enjoy the “staycation” — when we’re not traveling, we can’t wait to feel like real locals in our mountain town. we’ve lived here four years so far, but managed to move in right around the time when my travel picked up in frequency and mr. onl’s work increased in pressure. so while we love living where we do, we also feel like we miss a lot. we die just a little bit every time we hear that our friends are skipping out of work for a powder day on a weekday. we wish. but once we retire, we hope to skip the weekends entirely and only ski on the weekdays. and now i’m going to totally contradict myself and say that we’re also looking forward to acting like non-locals. locals go with the flow and do whatever seems good each day, but our long-term goal is to get to know all the local trails, peaks and streams, and that’s not going to happen by accident. if we were vacationing in our area, we would make an itinerary: this hike today, this crag the next, this bike ride the day after, and this paddle the day after that. if we treat our extended staycation as a real vacation, and actually plan some of these activities out, we feel like we’ll cover more ground and really get to know the area more than we will if we just keep repeating our favorite spots.
purpose category: service
increase our board service — one of my retirement goals is to do continual service on the board of directors for nonprofits that i care about. mr. onl is already on the board of a local nonprofit, and there’s one in particular that i have my eye on. but we’re not looking only at local orgs, and may try to pursue some more prominent ones over time, after we build up those chops. but all of that will kick off (for me at least) in year one.
volunteer more — mr. onl does a lot of work for the nonprofit he’s on the board of, and i do some volunteering for a local conservation group, and help organize the signature fundraiser for our local animal shelter. we’re proud of that stuff, but will do more. we also just want to be able to say “yes” to things. walking more dogs at the shelter, serving the less fortunate on thanksgiving, participating in a river clean-up, handing out water at the triathlon.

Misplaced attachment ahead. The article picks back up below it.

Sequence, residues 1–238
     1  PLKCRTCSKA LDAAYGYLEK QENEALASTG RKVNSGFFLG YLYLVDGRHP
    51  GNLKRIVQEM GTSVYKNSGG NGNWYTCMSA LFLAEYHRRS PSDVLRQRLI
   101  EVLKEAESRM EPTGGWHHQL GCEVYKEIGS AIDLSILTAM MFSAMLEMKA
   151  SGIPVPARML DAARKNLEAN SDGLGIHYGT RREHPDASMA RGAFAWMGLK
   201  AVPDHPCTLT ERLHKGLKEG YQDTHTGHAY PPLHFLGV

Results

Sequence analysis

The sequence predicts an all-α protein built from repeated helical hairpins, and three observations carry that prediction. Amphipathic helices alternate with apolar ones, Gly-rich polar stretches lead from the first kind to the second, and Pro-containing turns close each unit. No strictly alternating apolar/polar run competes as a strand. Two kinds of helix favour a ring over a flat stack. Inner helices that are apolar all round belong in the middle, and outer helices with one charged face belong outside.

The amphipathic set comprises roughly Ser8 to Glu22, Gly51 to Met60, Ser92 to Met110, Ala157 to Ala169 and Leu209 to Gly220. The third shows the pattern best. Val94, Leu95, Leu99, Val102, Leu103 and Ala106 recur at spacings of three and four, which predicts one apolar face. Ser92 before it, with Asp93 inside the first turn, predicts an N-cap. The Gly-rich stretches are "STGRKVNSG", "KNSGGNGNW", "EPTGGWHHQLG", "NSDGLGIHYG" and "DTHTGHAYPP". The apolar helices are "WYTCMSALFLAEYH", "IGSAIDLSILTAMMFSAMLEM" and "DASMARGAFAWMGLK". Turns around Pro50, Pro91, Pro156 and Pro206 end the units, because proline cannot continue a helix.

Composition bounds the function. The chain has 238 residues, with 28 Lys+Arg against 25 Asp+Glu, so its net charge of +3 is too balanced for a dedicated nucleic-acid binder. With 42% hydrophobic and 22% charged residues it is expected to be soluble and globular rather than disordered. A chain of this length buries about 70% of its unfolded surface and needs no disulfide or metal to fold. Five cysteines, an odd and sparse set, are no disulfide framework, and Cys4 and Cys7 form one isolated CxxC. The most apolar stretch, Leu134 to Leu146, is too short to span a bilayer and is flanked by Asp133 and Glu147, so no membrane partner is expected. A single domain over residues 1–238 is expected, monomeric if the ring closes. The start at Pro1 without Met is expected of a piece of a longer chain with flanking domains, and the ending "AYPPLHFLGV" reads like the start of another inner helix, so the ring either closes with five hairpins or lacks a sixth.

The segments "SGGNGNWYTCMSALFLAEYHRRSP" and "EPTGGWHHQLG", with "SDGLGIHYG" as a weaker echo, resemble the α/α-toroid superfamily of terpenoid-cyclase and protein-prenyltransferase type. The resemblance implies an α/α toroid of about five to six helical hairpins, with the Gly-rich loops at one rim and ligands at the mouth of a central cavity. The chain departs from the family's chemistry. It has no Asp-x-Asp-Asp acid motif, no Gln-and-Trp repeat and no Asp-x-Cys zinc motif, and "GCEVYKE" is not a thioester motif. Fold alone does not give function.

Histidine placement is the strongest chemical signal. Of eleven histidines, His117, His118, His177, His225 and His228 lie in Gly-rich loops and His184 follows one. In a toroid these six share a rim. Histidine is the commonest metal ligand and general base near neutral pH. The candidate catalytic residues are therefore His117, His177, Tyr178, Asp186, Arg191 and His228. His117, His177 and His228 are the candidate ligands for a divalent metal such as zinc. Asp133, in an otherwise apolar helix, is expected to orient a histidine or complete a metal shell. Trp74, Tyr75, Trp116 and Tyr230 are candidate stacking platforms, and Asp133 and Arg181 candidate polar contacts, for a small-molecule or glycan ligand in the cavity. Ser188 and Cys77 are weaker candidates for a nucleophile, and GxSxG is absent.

purpose category: creativity
take the camera — everywhere we travel, whether around the world or around our backyard, we’re going to take the camera. the real camera. not just our phones. and we’ll try to give ourselves time to craft the shots we wish we could get now, but don’t have the patience to capture, waiting for the right light or the right moment instead of grabbing the easy snapshot.
join a writers group — after calculating the number of words i’ve written here in the last year, it really hit home that writing in retirement is not some unrealistic pipe dream. i’m already doing it! heck, i’m doing it despite having very little time to do it, so surely i can devote real time to writing in retirement and get better at the craft of it. but, i will benefit from the insights and critiques of others, so i’m going to join a writers group to hone my skills. i’d love to take some classes, too, but will start with the group.
and there you have it! that’s our plan for year one. our five-year plan is something we’re thinking about, too, and will share in the near future — but it’s going to be a lot longer! it’s possible our eyes are bigger than our stomachs. :-)
do you have a broader vision of early retirement, or do you tend to think like us in terms of things you’ll do in year one, the first five years, the next decade, etc.? if so, have you thought about what you want to take on in your first year of financial independence? we’d love to know how you guys think about this question… and we’d love to hear some of the awesome things you’ve done (if you’re retired) or plan to do in that transition year. please share!